Current Season

Dvorak’s Requiem

As distinguished scholar Michael Beckerman—in his very fine notes to this performance—observes, there was no “specific reason” on Antonín Dvořák’s part for composing his Requiem. What Beckerman was referring to was some personal or perhaps public reason to honor the dead with a major monumental choral and orchestral work. The reason Dvořák wrote the work was a commission from the Birmingham Festival in England. Although 19th-century England was often derided…

READ MORE

Dvořák’s Requiem

Premiere: October 9, 1891 in Birmingham, England at the Birmingham Music Festival conducted by Antonín Dvořák with soloists Anna Williams, Hilda Wilson, Iver McKay, Watkin Mills, and the Birmingham Festival Chorus Instruments for this performance: 2 flutes, 1 piccolo, 2 oboes, 1 English horn, 2 clarinets, 1 bass clarinet, 2 bassoons, 1 contrabassoon, 4 French horns, 4 trumpets, 3 trombones, 1 tuba, timpani, percussion (tam-tam, bells), 1 harp, organ, 18…

READ MORE

Judas Maccabaeus

Seven years after Handel’s death, one of his Coronation Anthems—possibly Zadok the Priest—was performed by a massed chorus and orchestra at the rededication of the Grand Synagogue on Duke’s Place in London on August 29, 1766. The London Chronicle reported that this event was presided over by “the Chief and other eminent Rabbis belonging to the Portuguese Jewish nation” and prayers in English were offered for the Royal Family. One…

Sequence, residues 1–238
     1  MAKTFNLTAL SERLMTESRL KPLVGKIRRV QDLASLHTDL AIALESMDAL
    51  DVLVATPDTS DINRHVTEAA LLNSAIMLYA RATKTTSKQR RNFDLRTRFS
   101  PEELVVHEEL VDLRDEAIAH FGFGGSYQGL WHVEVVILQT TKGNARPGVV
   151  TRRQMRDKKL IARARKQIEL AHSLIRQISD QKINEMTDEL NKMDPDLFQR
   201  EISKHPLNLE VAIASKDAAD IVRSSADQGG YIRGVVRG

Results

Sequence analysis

READ MORE

Handel’s Judas Maccabeus in Context

When tonight’s performance of one of G. F. Handel’s more famous oratorios was scheduled a year ago, the intent of the ASO was to offer a friendly and reassuring program fit for the season, but one that was not entirely conventional. Handel’s Judas Maccabeus is hardly obscure though it is not the Messiah in terms of the frequency of performances. We, as citizens and residents of the greater New York…

READ MORE

American Music of the Roaring 20s

The period around World War I, from about 1910 to the late 1920s, was arguably the most consequential one for Western music, in general, and for the American musical scene, in particular. The belief that the dominant Romantic tradition had reached an irreversible crisis point was widely shared among many young composers. In what became the most turbulent time in music history – stylistically and aesthetically – this quest for…

READ MORE

American Expressions

Welcome to our season-opening concert, one that celebrates an extremely creative moment in the history of American music. The composers on this program were selected on account of their originality and their commitment to writing music that properly mirrored the American experience. Classical and concert music in America, until the first decade of the twentieth century, was largely dominated by European models, particularly German, Russian, and French. A younger generation…

READ MORE